Tonight's show comes in the middle of a headline tour for The Courteeners' fourth record, which hit the top three when released in the summer. The lack of a hometown date on the schedule means an unusually high proportion of the audience are Mancunians, which, mixed with the natives, results in a charged atmosphere even before the band hit the stage.
Like the album the tour is supporting, tonight opens with 'White Horses' - and the result is a similarly solid, if unspectacular, start. 'How Good It Was' immediately changes this and the room is literally bouncing, with the track getting a reception up there with beloved older songs such as 'Cavorting' which follows it up. There is a genuine euphoria throughout the crowd and it wouldn't be an exaggeration to say the hardcore fans account for the vast majority present. This is best exemplified later in the solo acoustic section of the set (where Liam Fray's vocals impress minus thunderous chords and thumping rhythms) where the crowd chant for - and get - a rendition of b-side 'Smith's Disco'. It is in fact the second non-album track to be performed and 'Sunflower' also gets crowd participation, though on a lower scale. Given that the band don't perform all their singles, with the majority of the set lifted from their debut and current releases, it is both a brave choice for the performers and a rewarding choice for clearly fanatical followers.
Seemingly getting a live debut, 'International' is performed in a stripped-down manner and works well, whilst 'Please Don't' gets the same treatment and remains a huge crowd sing-a-long after all these years. The closing trio of 'Next Time You Call', 'Not Nineteen Forever' and 'What Took You So Long?' crank up the volume once more, with the latter two in particular getting the sort of reaction that makes them obvious festival favourites. Fray alludes to shows in Manchester next year and, on tonight's evidence, they could be a highlight of the summer - the quartet put in an impressive performance and, combined with their fans energy, you can't fail to be swept along.
Continue reading: The Courteeners - O2 Academy Leeds 11th November 2014 Live Review
Now on their fourth album in six years and hot on the heels of last year's 'Anna', you certainly can't accuse Manchester's The Courteeners of resting on their laurels. With the festival season out of the way, the band will headline a UK tour from the end of October, whilst frontman Liam Fray has promised their hometown something special next year.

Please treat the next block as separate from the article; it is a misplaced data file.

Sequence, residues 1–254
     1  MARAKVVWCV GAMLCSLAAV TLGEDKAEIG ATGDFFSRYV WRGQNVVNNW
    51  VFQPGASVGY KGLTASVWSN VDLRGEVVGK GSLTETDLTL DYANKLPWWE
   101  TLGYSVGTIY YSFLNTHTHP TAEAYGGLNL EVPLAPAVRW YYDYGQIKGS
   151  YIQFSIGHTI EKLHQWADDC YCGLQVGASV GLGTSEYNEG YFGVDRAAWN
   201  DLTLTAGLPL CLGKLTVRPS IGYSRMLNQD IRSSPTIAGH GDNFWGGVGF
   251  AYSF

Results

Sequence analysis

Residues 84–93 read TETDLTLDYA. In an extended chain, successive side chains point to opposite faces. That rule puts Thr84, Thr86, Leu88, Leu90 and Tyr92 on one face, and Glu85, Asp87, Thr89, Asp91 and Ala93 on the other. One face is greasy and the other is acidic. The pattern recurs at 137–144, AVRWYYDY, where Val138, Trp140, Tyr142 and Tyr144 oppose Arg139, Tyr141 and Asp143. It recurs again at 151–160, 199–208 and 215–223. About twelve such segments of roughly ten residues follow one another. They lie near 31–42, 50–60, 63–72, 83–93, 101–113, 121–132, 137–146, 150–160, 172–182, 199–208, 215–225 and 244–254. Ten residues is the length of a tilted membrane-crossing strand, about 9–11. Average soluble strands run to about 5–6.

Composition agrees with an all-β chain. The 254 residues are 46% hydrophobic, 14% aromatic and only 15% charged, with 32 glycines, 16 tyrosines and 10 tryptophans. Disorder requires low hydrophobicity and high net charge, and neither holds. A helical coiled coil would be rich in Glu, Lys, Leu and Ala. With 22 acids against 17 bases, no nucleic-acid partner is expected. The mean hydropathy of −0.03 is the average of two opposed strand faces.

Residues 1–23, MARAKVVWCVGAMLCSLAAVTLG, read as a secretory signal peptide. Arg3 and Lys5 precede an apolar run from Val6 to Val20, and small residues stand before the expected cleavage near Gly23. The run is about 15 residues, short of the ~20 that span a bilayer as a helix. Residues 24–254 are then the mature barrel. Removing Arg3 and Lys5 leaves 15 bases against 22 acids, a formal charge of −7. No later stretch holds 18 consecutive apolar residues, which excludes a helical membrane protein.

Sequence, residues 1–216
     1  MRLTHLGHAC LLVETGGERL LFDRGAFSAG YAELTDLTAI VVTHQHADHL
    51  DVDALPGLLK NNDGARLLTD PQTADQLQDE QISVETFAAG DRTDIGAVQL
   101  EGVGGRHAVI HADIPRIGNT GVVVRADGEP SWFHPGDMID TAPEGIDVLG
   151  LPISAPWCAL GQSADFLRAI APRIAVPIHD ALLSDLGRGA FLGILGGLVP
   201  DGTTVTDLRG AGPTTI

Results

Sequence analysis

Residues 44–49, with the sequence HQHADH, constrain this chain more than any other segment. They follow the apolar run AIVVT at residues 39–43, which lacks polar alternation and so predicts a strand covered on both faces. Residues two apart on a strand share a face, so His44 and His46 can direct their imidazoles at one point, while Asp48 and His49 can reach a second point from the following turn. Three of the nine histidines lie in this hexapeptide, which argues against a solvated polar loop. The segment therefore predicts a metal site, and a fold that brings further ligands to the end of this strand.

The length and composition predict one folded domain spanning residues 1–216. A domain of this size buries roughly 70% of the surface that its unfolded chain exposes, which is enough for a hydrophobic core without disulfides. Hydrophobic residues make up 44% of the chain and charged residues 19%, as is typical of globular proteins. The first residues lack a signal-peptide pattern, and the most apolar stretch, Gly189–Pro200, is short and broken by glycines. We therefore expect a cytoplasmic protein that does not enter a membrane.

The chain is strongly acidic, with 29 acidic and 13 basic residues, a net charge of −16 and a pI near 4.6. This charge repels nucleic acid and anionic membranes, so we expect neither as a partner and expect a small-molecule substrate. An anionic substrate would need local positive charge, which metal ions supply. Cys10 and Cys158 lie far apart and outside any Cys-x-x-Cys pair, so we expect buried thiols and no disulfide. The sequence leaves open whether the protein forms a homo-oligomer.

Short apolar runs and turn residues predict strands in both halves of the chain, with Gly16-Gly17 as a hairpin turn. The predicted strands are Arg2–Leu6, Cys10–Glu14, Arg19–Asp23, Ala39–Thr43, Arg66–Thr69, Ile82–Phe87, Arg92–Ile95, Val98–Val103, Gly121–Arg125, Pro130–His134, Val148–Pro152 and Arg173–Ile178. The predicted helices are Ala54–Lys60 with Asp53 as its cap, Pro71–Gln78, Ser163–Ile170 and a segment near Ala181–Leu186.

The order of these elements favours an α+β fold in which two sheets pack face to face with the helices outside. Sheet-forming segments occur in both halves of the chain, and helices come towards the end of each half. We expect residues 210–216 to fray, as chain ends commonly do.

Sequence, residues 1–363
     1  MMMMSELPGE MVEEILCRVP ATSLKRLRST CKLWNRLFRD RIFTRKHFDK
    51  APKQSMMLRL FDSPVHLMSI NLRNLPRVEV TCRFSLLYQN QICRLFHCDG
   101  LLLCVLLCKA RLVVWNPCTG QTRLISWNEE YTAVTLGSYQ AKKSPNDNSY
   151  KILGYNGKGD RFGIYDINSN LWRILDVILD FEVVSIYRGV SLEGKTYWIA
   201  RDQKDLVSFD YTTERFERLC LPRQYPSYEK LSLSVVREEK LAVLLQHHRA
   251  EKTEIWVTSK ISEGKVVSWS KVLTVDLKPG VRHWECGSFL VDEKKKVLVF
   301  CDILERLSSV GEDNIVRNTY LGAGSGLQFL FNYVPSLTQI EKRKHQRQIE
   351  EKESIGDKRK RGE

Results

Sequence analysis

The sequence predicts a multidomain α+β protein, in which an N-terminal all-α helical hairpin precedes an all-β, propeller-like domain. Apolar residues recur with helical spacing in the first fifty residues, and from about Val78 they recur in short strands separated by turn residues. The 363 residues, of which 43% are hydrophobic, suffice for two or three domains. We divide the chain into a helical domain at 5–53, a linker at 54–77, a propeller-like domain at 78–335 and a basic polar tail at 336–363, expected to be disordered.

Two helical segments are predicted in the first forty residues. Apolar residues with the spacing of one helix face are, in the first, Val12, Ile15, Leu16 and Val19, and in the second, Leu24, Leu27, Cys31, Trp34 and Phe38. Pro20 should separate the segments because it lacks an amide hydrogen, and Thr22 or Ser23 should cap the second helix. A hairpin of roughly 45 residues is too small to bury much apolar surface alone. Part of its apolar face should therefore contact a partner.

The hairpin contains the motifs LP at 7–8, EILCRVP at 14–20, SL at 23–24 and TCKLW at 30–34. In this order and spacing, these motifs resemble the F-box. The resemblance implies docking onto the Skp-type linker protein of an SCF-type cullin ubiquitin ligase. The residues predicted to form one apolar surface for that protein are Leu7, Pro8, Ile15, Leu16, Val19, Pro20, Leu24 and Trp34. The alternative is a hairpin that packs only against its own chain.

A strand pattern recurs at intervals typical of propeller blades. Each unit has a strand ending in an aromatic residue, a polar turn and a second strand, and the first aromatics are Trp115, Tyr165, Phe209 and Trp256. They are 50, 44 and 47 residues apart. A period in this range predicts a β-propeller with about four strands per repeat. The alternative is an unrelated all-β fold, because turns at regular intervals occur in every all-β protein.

Whilst their debut saw them become a fixture of indie-discos, the indication of their last release, 'Concrete Love' saw the quartet aim for the arenas. It is a direction cemented by the crunching riffs of opener 'White Horses', 'Next Time You Call' and the delectable 'Saboteur'. However, what is gained in sonic boom is lost from the intricacy of Fray's lyrics, arguably the band's greatest asset and something that has previously drawn praise from Morrissey. Thankfully, we get a decent number of tracks that place Fray's words and voice at the forefront of proceedings - the first of which, 'Small Bones', sees him about as romantic as he's ever been. Whilst Alex Turner was originally labelled by some as the voice of a generation, Fray remains able to put to song the experiences of the man in the street; 'Has He Told You That He Loves You Yet' effortlessly describes the situation where you can see a friend being used by a partner who clearly has no devotion to her. There's certainly no questioning the devotion of the band to their craft, as this is a catchy number that swoons with the assistance of effectively employed strings.
More often than not, the band returns to a grander sound that underlines an ambition to broaden their reach. 'International' doesn't quite take off, but features the memorable couplet "You wanna talk about cocky/It's like Muhammed Ali tag-teamed with Rocky". 'How Good It Was' is an upbeat radio anthem that does a job, but lacks the content expected of Fray's high standards, while 'Summer' is a surprising turn from leftfield. Driven on a bass riff and overlaid with acoustic guitar, it is an appropriately titled song with a breezy feel and laidback hook that is infectious after a couple of listens. Crucially for The Courteeners, it is also an indication that they've yet to become creatively bankrupt and that their next release should see some development. For the moment though, this is their most consistent release to date and is listenable throughout, even if it's not always the band at their very best.
Continue reading: The Courteeners - Concrete Love Album Review